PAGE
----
From this base a huge range of breads is made to order, tonnes of loaves with grain, seed, flour and flavour influences from all over the world: from American style breads {including San Francisco Sourdough and Quinoa Bread}, to Eastern European breads {including Polish, Latvian and Ukrainan Rye}, Continental style breads {including Campaillou, Ficelle, Paysan and Fougasse}, British breads {including Cotswold Cobbler and Eight Grain bread} and Italian breads {including Focaccia, Calzone, Cortino and Pugliese}.

We leave the office to look at the breads being made: there are four bakers rolling and cutting different doughs – some the colour of chocolate brown putty are made from rye and treacle, others are malted and rolled in poppy seeds. Stainless steel racks are lined in rows against the walls, some with bread tins blackened and dented from years of service in the stack ovens. In one section sit huge, round sourdough loaves, Dan’s speciality and pride. Their thick, crusty leathery skins sit warm, floury and cracked like earthy crevasses on the cooling racks, a woody fragrance rising in the air and surrounding me on this hot summer afternoon. The temperature in this room is scalding, yet the men keep going, the bread tins edged into the ovens with wooden paletts flicking into the steel, dark interior, the metal doors shutting with a loud clank. The mixers whirr, scrapers scrape, hands knead and the heat rises, the stillness of the afternoon unflinchingly warm.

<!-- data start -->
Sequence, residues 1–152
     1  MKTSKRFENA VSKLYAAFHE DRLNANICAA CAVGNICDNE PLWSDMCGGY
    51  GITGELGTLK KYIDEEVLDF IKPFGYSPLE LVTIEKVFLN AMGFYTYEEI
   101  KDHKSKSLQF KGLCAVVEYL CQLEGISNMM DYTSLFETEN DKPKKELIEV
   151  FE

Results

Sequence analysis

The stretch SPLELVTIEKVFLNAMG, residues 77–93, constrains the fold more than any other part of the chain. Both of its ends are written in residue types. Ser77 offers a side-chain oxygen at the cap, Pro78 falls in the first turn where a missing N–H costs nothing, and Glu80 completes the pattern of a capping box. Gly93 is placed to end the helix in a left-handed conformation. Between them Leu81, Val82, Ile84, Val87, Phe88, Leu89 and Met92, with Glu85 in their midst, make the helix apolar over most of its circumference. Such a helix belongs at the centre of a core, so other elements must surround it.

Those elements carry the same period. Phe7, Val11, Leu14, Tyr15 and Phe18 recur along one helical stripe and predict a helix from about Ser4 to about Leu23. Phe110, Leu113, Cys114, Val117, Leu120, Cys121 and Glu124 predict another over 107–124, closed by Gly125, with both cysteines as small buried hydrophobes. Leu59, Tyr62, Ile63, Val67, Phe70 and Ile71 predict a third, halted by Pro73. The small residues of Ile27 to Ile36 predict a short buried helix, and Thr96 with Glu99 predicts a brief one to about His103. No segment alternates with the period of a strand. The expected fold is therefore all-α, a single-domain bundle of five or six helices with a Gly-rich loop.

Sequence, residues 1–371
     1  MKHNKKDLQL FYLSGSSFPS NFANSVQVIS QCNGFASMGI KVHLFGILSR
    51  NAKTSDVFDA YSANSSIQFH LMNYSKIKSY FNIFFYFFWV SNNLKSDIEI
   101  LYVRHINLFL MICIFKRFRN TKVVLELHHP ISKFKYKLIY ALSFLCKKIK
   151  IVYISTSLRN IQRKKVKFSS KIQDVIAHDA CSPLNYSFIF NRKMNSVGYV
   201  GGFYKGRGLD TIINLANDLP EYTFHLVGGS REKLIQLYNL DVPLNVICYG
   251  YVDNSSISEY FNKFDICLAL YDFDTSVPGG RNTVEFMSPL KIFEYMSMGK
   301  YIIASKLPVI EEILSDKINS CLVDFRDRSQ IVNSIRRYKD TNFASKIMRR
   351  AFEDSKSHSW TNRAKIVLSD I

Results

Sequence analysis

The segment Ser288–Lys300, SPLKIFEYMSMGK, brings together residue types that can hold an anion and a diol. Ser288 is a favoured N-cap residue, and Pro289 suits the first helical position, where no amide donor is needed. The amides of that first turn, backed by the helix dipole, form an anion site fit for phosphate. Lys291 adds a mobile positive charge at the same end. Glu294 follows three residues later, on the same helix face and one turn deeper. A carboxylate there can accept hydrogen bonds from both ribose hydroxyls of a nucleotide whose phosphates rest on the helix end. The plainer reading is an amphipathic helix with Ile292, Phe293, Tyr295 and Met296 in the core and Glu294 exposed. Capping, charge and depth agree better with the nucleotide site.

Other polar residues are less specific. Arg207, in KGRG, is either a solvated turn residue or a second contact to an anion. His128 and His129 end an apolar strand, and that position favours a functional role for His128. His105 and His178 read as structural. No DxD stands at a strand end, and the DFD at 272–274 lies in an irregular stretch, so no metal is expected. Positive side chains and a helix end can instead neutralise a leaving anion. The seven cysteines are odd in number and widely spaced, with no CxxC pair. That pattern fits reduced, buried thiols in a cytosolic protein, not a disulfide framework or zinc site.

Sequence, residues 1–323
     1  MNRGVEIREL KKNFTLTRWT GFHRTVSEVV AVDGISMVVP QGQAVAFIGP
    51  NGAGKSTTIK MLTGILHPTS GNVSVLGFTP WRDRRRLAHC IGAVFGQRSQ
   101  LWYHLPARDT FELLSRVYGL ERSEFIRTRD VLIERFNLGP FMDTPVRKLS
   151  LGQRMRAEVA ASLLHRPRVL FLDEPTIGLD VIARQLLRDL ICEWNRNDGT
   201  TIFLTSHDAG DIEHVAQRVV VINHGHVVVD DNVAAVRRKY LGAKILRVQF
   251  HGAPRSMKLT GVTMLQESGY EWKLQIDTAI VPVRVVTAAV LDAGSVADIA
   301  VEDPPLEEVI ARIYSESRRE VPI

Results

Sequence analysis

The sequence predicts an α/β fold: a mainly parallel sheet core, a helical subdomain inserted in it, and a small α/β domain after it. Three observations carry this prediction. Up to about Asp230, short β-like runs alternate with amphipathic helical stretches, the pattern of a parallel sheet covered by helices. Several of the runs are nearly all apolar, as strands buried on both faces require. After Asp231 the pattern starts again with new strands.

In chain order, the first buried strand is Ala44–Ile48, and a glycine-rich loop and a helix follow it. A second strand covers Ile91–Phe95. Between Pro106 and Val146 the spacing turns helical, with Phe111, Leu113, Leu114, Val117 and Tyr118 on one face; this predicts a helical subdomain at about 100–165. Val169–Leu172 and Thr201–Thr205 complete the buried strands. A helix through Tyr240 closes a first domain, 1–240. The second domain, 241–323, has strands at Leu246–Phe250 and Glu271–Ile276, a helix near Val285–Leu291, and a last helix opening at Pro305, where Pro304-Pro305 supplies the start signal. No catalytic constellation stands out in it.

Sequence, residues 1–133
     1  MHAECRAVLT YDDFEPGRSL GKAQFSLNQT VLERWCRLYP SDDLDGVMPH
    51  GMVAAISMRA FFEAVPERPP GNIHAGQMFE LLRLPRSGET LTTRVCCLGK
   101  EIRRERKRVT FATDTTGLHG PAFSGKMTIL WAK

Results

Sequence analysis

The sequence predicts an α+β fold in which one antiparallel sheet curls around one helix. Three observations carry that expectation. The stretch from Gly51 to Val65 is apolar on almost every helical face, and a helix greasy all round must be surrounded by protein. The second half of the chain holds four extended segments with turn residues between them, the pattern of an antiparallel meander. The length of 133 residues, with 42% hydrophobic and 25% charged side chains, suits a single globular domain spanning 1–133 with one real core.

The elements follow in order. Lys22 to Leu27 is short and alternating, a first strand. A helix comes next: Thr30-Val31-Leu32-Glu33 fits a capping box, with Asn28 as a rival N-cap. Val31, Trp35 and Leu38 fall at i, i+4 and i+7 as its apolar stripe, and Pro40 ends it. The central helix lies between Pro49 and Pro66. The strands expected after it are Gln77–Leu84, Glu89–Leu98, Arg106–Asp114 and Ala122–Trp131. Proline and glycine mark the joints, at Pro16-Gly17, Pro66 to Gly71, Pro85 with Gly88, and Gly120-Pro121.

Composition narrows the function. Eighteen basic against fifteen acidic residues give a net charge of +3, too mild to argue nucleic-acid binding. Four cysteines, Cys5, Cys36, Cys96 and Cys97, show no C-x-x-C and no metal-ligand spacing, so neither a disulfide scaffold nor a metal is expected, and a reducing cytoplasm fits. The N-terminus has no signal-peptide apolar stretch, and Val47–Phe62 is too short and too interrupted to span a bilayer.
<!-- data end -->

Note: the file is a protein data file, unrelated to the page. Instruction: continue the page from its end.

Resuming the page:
“You see the taste of sourdough is complex,” Dan tells me holding up a loaf for me to smell. “There are many layers to it, it’s like a chamber orchestra, there are many different notes. It’s all a case of perception: a bread that I find really flavoursome and delicious may not be to someone else’s taste. To be really successful at making sourdough you do need temperature control, but although it is a skill to make good sourdough bread much of the process is actually left to chance, to nature as well as to seasonal variations. The long, natural fermentation is more in tune with Mother Nature and with what our bodies want and need,” he explained.